All our money is in CDs
This column is about one of my generation’s biggest investments in time, money and pure pleasure — music.
Through good times and bad — heartbreak to happiness — music has been the unifying soundtrack of our lives.
Music has excited, driven, guided, relaxed, consoled, troubled and inspired us.
Unfortunately, it has also contributed to some partial hearing loss for both my wife and me.
Such is our lot in life as “boomers.” We’ve heard (and lived) such an incredible diversity of music — witnessed the birth of rock ‘n roll — heard jazz morph into fusion — and seen country come of age — or depending on your point of view, gone straight to he-double-hockey-sticks.
The trouble is, we have tuned in, turned on and cranked the volume a little too loud from time to time. That is catching up with us, now — as well as the need for more space for our ever-growing music collections.
I recently came to grips with this problem when it was time to return the tub of Christmas CDs to the basement, as part of their annual migration. I also decided to relocate our collection of music and movie DVDs to the basement.
We don’t view them very much these days, because there is always something new “streaming” into our consciousness.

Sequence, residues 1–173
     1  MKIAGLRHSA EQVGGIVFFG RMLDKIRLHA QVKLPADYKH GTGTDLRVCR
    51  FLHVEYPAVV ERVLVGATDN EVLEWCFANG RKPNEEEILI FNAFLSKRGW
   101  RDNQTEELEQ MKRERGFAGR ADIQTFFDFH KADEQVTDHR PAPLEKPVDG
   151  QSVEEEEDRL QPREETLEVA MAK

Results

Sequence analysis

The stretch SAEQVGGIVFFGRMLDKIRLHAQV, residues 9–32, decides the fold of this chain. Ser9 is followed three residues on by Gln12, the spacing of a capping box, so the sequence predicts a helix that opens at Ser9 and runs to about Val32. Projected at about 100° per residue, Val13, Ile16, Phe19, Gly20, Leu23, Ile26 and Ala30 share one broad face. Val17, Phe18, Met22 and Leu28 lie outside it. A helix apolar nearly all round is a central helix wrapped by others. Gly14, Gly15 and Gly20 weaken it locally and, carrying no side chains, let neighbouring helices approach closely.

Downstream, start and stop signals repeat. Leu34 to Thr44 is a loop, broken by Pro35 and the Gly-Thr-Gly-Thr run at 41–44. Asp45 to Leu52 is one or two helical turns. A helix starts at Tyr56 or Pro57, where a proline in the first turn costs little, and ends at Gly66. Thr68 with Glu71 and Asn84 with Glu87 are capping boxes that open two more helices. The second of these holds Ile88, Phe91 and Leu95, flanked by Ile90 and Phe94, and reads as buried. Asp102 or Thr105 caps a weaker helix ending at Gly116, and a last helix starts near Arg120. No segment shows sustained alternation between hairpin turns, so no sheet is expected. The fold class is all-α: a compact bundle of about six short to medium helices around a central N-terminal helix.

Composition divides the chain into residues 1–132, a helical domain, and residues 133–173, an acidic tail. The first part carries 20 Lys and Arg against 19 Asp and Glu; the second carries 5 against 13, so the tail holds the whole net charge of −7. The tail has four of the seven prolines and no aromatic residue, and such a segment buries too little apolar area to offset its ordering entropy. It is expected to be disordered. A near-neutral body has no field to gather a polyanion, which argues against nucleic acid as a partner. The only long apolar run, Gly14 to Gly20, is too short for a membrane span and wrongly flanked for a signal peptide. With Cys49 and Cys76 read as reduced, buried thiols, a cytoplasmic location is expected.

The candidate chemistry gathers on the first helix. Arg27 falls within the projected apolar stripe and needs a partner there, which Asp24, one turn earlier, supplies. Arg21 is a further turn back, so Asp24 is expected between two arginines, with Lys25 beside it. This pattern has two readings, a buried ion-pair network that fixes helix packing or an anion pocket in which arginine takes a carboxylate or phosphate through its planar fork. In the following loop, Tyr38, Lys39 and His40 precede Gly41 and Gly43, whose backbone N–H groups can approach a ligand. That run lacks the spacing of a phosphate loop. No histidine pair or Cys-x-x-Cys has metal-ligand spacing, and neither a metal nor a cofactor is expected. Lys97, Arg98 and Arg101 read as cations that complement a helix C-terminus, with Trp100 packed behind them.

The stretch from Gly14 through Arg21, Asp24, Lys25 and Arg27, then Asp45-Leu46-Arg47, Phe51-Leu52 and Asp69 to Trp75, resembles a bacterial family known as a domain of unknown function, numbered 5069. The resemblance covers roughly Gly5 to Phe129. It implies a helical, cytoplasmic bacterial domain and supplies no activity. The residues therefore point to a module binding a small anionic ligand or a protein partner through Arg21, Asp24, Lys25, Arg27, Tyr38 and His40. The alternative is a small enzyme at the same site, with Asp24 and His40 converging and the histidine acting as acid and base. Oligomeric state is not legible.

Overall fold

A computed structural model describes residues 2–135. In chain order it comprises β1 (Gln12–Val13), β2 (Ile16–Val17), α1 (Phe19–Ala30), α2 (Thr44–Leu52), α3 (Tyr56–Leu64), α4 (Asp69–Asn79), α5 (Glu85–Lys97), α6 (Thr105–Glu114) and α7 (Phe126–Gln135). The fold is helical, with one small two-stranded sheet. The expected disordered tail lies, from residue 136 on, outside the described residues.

Yes, the new source for music to movies — and everything in between — is the Internet. And that is reflected in our music collection down in the basement — that is sadly collecting dust.
We have nearly 50 Beatles CDs filling one complete tub, yet our tub of country CD’s has plenty of room-to-spare— and we have listened almost exclusively to that genre for more than a decade.
Why so few country CDs? The answer is simple — most of our country music has been downloaded directly to the iTunes library on our Mac. Through Apple TV, we can stream any or all of those tunes whenever we want.
The same goes for movies. Instead of waiting for now-defunct Blockbuster to eventually mail the least favorite movie in our queue, we can stream movies on demand from Netflix, Apple iTunes, Amazon.com and more.
At our disposal is everything from Abba to ZZ-Top — and as “heady” as Aron Copeland’s “Appalachian Spring” — which I am streaming right now as I struggle to write through our frigid Appalachian winter.
Later I’ll switch to George Winston’s, “Winter,” which is delightful. But I digress.
The looming question is, “What can we do with all of those priceless CDs and preserve our investment of thousands of dollars? — Albeit, at just $9.99 a crack.
We’re sitting on thousands of dollars of music that my son tells me you can now stream for free on YouTube.
One possible liquidation option is eBay. I just searched “Complete Beatles collection on CD” on eBay and found “All 11 Beatles studio albums on 12 CDs going for more than $65 with four days still left.
I guess that’s a good start. If I thin out a fed CDs and DVDs each month I can pay for my new-to-me BMW motorcycle, which not-surprisingly comes with Sirius satellite radio.
That’s music to my ears.